Norfolk business ships custom bowstrings across the world
NORFOLK, Neb. (AP) — Who would have thought Extreme Bowstrings would become so, well, extreme?
Definitely not Ron Harmon.
Harmon, owner of Extreme Bowstrings in Norfolk, said he started “playing with strings in 2002.”
“You could never get a string that was actually, ... Let’s say you wanted a string that was 57.5 inches for your bow. If you’re lucky, Dakota Archery might have one that’s 58 inches. Or 56 inches, or you have to untwist it or twist it up to make it work,” Harmon said.
So, he and his friend bought a bunch of material and started experimenting how to make bowstrings.
By 2004, Harmon said he started getting good enough at making bowstrings in his Norfolk home that he was selling a few here and there.
By 2006, he launched his website through the help of his brother-in-law, the Norfolk Daily News reported.
“Everything has just progressed, as far as getting different machines for stretching, which really helps as far as (saving time),” Harmon said, adding that he also works on bows for customers, performing tuning and installing services.
His sons, Jacob and Dakota, as well as their friends, help with the business — as does his daughter, Kami, who is learning to make bowstrings.
Harmon said to make a bowstring, he needs to know the length that is needed and information about the bow it’s going on. His strings — in every color imaginable — are made up of High Modulus Polymer Ethylene (HMPE), some of which are mixed with a vectran blend.
Then, through automated machines that apply 350 pounds of pressure and the use of a computer program, Harmon is able to twist and stretch each string to its precise length, creating a high-quality product, he said.
“There are a lot of people who make strings, but some of us make them a little bit better, as far as that final extra touch you put into it, such as, how you tie a knot and the tension you put on the serving,” Harmon said. “It helps to keep it from separating as easy.”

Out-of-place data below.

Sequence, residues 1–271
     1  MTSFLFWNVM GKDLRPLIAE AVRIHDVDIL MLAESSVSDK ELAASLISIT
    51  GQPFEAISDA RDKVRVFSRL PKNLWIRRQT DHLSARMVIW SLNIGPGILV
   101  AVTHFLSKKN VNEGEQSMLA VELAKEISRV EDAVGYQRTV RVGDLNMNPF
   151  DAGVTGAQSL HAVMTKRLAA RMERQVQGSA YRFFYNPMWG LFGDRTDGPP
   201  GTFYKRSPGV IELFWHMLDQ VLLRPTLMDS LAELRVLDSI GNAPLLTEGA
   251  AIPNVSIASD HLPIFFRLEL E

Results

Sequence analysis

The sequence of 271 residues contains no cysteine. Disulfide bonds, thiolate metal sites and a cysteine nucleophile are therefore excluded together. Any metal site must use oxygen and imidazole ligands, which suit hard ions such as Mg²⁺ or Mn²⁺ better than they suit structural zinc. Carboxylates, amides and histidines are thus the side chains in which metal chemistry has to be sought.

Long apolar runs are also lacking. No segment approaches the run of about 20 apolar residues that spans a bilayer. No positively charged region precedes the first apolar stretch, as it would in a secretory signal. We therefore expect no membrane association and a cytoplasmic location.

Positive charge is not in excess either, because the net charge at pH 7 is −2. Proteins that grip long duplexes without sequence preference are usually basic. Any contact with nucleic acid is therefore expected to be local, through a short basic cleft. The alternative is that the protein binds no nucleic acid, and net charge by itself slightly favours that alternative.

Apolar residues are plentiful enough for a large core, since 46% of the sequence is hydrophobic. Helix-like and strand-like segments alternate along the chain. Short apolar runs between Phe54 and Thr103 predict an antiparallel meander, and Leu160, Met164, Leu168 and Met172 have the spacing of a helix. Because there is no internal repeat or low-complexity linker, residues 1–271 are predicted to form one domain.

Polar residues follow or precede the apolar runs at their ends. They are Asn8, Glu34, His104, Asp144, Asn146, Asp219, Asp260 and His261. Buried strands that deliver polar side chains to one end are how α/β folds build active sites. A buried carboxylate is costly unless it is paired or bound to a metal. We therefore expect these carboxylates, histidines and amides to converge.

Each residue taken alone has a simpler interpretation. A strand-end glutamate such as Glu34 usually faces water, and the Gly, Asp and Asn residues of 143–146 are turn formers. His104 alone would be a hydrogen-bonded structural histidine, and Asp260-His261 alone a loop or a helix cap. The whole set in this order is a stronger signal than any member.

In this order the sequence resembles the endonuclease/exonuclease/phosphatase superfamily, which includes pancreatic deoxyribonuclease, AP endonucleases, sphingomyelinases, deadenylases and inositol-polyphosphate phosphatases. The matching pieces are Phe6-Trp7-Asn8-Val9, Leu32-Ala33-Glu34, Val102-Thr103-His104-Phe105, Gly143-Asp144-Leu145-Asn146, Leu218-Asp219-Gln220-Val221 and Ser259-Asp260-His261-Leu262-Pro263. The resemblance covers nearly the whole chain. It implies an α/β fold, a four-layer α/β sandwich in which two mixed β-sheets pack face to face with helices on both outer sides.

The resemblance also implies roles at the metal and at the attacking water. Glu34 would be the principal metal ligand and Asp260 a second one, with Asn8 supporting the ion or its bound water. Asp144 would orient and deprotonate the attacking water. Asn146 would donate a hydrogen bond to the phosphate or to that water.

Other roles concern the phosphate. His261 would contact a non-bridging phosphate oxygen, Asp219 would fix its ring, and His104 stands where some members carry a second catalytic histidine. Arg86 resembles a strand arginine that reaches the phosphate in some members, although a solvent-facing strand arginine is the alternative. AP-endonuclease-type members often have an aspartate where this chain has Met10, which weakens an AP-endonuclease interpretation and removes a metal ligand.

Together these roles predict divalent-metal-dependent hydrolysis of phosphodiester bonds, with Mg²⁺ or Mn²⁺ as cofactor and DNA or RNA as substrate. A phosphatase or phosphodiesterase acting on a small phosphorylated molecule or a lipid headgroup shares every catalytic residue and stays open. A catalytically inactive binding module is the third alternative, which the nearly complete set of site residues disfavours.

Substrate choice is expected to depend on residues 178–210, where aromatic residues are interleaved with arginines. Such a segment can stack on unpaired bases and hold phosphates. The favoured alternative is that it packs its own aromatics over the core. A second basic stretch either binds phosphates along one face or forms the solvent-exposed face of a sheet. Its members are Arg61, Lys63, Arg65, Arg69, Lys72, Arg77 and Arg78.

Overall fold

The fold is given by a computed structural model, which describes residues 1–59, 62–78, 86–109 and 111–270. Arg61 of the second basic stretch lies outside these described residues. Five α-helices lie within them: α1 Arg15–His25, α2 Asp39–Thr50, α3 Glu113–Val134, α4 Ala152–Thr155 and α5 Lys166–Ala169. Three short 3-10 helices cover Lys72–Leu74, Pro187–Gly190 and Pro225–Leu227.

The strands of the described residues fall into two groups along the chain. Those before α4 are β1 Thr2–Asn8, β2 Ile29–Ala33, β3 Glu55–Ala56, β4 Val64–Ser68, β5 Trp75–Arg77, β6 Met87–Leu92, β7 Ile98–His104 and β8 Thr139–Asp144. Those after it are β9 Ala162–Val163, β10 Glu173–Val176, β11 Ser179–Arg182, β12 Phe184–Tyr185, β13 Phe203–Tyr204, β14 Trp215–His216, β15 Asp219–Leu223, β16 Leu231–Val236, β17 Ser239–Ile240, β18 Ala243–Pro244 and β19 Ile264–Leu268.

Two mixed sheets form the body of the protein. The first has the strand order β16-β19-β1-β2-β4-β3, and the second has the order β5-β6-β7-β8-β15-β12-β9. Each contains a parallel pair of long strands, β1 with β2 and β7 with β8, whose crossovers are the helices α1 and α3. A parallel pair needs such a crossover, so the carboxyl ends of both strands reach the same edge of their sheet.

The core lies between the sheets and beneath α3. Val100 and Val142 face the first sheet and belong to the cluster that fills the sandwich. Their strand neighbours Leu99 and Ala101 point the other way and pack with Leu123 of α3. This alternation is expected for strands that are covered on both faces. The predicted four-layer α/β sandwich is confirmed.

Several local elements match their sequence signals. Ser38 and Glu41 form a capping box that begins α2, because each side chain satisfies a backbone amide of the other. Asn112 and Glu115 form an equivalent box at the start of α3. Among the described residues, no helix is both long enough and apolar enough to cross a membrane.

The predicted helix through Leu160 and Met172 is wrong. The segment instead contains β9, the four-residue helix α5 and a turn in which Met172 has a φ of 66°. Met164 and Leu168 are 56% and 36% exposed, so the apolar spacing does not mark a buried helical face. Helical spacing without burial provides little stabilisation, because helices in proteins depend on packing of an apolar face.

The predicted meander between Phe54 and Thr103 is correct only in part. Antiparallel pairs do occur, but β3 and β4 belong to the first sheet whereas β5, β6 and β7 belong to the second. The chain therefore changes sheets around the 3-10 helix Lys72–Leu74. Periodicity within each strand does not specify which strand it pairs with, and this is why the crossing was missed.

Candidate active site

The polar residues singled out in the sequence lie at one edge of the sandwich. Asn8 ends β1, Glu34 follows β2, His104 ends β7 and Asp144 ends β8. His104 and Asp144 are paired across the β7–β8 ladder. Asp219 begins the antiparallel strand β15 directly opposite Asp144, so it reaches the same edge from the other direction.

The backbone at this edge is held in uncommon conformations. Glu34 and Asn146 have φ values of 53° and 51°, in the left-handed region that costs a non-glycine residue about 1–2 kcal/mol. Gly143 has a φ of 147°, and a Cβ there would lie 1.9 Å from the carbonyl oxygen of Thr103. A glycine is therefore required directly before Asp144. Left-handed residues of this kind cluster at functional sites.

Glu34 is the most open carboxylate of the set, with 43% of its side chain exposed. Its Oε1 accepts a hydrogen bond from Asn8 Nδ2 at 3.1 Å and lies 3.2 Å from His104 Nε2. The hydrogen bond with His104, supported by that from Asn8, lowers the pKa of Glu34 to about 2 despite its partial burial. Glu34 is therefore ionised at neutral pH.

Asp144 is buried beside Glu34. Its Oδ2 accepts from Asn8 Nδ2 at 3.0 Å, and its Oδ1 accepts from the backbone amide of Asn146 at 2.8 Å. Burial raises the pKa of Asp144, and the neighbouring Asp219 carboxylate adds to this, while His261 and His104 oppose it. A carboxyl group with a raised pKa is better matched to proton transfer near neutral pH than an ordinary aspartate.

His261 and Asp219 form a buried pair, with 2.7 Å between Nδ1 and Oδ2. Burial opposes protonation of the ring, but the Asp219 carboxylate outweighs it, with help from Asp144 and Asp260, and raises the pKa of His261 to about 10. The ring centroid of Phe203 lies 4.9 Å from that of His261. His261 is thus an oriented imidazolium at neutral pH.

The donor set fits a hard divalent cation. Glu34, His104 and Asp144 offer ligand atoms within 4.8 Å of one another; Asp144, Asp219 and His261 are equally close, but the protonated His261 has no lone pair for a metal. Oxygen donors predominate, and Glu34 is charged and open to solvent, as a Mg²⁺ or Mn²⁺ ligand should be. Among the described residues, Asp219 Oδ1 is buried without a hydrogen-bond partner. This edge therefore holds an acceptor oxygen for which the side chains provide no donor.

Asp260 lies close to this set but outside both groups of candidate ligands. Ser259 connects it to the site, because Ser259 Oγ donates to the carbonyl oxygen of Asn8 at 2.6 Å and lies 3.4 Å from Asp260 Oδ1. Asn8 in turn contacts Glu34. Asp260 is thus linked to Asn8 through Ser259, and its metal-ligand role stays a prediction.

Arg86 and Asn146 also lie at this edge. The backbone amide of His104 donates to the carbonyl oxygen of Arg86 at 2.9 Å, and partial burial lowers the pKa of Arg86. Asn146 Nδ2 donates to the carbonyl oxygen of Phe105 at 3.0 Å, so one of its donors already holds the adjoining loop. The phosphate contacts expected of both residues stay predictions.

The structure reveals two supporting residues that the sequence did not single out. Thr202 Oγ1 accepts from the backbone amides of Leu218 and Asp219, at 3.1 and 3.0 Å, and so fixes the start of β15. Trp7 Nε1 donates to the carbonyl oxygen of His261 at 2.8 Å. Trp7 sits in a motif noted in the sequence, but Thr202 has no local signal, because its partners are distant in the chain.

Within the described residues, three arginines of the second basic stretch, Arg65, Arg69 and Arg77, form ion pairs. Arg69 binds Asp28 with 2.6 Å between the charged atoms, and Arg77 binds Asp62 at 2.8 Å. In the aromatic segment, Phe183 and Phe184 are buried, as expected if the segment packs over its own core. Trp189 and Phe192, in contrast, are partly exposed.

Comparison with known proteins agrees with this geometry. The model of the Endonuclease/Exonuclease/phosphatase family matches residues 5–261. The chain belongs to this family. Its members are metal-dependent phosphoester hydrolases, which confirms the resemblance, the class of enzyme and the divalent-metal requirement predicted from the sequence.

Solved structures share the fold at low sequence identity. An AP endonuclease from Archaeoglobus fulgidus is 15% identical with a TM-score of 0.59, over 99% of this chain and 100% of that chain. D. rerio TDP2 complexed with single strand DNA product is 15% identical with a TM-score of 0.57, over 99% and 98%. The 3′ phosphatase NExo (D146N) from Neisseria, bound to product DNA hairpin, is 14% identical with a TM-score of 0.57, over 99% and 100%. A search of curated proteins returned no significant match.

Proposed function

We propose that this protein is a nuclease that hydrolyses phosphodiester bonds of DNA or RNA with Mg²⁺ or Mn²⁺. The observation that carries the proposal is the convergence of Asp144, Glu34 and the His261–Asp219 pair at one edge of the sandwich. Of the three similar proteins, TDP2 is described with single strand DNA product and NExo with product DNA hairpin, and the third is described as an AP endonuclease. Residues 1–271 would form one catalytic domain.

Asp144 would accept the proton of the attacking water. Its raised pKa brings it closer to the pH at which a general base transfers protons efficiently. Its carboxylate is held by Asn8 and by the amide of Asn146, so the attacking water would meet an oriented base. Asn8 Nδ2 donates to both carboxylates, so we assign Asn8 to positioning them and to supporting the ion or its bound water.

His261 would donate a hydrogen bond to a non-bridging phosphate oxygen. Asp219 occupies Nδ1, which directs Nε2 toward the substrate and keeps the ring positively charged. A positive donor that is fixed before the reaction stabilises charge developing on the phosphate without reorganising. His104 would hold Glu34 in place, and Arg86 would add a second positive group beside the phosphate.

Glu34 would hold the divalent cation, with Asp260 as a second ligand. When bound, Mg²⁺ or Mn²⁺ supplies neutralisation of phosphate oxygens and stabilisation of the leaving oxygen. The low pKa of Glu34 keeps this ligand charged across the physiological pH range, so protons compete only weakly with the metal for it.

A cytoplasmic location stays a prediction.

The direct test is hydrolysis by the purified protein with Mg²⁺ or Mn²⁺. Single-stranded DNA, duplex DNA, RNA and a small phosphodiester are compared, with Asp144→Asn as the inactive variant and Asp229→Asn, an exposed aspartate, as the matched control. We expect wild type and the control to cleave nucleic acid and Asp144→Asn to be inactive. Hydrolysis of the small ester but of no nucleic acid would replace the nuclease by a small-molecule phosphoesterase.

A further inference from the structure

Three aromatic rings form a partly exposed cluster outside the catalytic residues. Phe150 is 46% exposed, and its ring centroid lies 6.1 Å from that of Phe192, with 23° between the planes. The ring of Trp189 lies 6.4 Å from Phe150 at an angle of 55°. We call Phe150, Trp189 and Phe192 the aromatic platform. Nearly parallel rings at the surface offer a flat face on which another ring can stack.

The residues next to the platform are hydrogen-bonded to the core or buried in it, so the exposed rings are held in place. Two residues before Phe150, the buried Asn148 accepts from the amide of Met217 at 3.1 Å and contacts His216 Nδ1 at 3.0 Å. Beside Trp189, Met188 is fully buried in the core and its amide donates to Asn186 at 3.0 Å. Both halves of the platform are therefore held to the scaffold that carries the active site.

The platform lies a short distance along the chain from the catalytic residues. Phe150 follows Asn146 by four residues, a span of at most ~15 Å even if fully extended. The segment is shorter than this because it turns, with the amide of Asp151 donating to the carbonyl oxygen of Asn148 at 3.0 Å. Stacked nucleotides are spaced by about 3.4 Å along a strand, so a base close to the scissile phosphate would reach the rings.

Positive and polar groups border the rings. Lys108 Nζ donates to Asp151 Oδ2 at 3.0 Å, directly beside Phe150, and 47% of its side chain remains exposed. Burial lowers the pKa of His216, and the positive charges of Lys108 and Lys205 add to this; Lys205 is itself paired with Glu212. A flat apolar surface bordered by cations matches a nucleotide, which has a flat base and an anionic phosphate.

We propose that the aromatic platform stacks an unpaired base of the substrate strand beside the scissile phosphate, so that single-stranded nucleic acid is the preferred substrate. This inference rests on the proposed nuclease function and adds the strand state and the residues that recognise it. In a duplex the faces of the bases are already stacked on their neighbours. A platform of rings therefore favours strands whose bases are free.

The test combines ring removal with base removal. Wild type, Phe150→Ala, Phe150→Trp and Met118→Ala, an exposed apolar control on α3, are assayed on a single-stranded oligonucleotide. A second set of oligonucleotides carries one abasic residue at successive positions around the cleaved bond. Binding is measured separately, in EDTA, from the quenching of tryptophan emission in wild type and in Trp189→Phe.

Harmon said he can complete an entire set — one string, a control cable and a buss cable — in one hour. It goes much faster if he’s got help, he said, especially in the summer when he’s extremely busy.
“June, July, August and September are just crazy. I could work 8 in the morning until midnight,” Harmon said. “That’s when we usually have some of the boys’ friends come over, and my daughter’s learning how to make them now.”
Bowstrings, Harmon said, are made to order, with customers selecting material, color and length. Harmon said they have made strings for archery enthusiasts with PVC pipe bows, youth bows, bows made from sticks, and others. The shortest string they’ve done was 4 inches long, while the longest was about 112 inches, Harmon said.
“Whatever color or design you can dream up, I can make it,” Harmon said.
He works with Bass Pro Shop and Cabela’s, who refer their customers to Extreme Bowstrings.
“We build it for that customer and send it to the customer,” Harmon said. “Then he takes it back into Cabela’s and then they install it for him.”
Extreme Bowstrings has even built strings for Olympians, some of who have beaten American athletes. Harmon said they have shipped strings to 53 countries, including South Korea, Philippines, Thailand, Singapore, France, Germany, Yugoslavia, Saudi Arabia, Afghanistan and Israel.
Harmon said he never imagined “playing with some strings” would turn into an internationally known company. Just the same, he’s grateful for the flexibility his career has offered him.
“It’s kind of simple in a way, but it’s difficult. It could be,” Harmon said. “I get to do it from home. I don’t have to do it somewhere else, or get up and go somewhere to work for somebody else. It’s pretty nice.”
Information from: Norfolk Daily News, http://www.norfolkdailynews.com